Southwest Bank of St. Louis, which often has led the banking industry in adjusting interest rates, yesterday cut its prime lending rate to 8.5 percent from 8.75 percent, but no major bank followed.

Southwest Bank, a relatively small bank with $277 million in assets, lowered its rate to reflect a decline in the cost to the bank of luring funds from depositors and borrowing from the Federal Reserve System.

"We believe other banks would have lowered their prime {rate} already if they didn't have to make up for losses on foreign debts," said I.A. Long, chairman emeritus of Southwest Bank. He was referring to the losses many large U.S. banks have suffered from soured loans to Latin America and other less developed regions.

Several bank industry analysts discounted such reasoning, however, saying that banks charge shareholders -- not new or existing borrowers -- for losses on previous loans. Decisions to lower or raise the prime rate are based only on a bank's cost of raising money, they said.

"Otherwise, it would be biting your nose to spite your face," said Robert Albertson, bank analyst for the investment banking firm of Goldman Sachs in New York.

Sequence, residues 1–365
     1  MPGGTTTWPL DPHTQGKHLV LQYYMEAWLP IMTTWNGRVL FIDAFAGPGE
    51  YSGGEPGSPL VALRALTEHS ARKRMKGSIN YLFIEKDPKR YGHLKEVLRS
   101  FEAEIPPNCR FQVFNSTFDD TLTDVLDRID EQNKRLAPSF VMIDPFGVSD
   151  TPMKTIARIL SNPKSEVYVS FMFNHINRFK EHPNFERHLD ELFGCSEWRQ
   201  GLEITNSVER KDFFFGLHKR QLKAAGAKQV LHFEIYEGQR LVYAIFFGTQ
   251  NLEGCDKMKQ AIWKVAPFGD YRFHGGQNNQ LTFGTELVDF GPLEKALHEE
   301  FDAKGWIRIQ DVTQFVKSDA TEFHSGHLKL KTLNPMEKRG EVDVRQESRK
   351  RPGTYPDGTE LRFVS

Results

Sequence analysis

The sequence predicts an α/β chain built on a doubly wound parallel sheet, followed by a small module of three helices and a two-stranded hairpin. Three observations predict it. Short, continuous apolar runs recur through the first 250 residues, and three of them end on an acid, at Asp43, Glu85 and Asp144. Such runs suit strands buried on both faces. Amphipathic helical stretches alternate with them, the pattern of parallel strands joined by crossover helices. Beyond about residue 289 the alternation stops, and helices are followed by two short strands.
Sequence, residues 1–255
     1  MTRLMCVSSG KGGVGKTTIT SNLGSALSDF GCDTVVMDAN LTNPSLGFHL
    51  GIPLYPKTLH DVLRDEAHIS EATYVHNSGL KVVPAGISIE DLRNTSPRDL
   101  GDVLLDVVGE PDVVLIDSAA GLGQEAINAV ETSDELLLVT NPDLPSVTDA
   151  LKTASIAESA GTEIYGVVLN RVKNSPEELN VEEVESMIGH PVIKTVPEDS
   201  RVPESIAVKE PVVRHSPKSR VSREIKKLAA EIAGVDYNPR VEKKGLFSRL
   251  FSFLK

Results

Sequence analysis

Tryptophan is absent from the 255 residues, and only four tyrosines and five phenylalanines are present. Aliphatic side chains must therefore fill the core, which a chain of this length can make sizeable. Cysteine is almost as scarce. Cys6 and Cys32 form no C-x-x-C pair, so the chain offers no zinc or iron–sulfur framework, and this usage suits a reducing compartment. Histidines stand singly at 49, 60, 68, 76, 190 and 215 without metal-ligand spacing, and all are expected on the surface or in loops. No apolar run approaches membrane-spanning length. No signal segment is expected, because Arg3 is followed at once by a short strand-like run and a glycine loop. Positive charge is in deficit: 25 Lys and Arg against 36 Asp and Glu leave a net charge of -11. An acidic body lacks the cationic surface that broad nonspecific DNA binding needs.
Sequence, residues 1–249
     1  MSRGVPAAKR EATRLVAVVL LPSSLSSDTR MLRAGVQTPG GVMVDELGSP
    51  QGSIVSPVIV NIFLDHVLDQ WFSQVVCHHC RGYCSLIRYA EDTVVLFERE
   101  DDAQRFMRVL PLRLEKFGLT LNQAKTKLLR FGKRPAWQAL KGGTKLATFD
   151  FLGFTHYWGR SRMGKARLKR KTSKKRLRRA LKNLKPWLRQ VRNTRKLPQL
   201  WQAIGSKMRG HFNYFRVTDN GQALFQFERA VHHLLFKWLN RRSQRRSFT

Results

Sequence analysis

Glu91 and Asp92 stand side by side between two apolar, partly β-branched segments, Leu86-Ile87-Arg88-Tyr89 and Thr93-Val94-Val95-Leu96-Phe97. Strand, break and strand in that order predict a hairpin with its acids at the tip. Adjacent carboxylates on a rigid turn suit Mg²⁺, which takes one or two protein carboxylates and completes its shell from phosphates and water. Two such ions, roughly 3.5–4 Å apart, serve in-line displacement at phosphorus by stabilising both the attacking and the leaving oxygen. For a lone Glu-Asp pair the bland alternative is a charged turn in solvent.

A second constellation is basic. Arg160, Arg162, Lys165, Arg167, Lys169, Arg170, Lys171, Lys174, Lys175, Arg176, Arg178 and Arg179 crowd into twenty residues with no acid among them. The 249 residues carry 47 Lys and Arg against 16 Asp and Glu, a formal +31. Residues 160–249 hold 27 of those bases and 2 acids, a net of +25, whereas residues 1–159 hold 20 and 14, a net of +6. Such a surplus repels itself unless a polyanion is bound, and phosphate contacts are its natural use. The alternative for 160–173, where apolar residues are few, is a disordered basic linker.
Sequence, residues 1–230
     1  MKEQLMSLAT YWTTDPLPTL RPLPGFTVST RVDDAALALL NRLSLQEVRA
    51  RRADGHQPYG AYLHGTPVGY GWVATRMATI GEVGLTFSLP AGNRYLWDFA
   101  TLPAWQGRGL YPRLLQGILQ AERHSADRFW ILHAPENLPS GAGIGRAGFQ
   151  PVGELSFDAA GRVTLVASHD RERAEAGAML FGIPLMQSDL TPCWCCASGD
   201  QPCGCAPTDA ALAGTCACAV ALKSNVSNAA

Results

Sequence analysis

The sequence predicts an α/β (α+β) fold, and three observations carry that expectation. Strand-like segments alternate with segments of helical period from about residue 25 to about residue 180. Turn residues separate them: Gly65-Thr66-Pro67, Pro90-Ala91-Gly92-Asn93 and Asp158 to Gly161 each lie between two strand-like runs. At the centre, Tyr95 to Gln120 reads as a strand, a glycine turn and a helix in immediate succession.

James M. McDermott Jr., senior vice president of Keefe, Bruyette & Woods Inc., a securities firm specializing in bank stocks, agreed. But he said that Southwest Bank has "made a practice of being first out" to drop the prime and did not rule out the possibility that other banks may eventually follow.

"It's a welcome sign, but whether it presages a move industry-wide remains to be seen," McDermott said. "What you really need to see is a reduction by a major bank."

Although no other banks lowered their rate yesterday, in the past they have sometimes acted several days or even weeks after Southwest Bank.

Citicorp and Bankers Trust Co., the largest and eighth-largest bank companies respectively, would not comment yesterday on whether they plan to follow Southwest Bank. Riggs National Bank, the largest bank in the District, said it had no plans to cut its prime rate.

The prime rate originally was the interest rate a bank charged its most creditworthy customers.

Now, however, a bank's best customers usually pay rates below prime. As a result, the prime rate has become a benchmark of business borrowing costs rather than a price actually charged, and is used in the calculation of some consumer rates.

Southwest said that lower costs were the main reason for yesterday's action. Long said, for example, that rates have fallen on borrowings from the Fed, on Treasury bonds and for commercial paper, a corporate IOU.

Another factor was last month's drop in the index of leading economic indicators, which took its sharpest drop in more than three years, indicating a sluggish economy, Long said. The leading indicators generally anticipate changes in the economy.

The bank also believes that because oil-producing countries in the Mideast have been unable to limit production, energy prices will fall, Long said.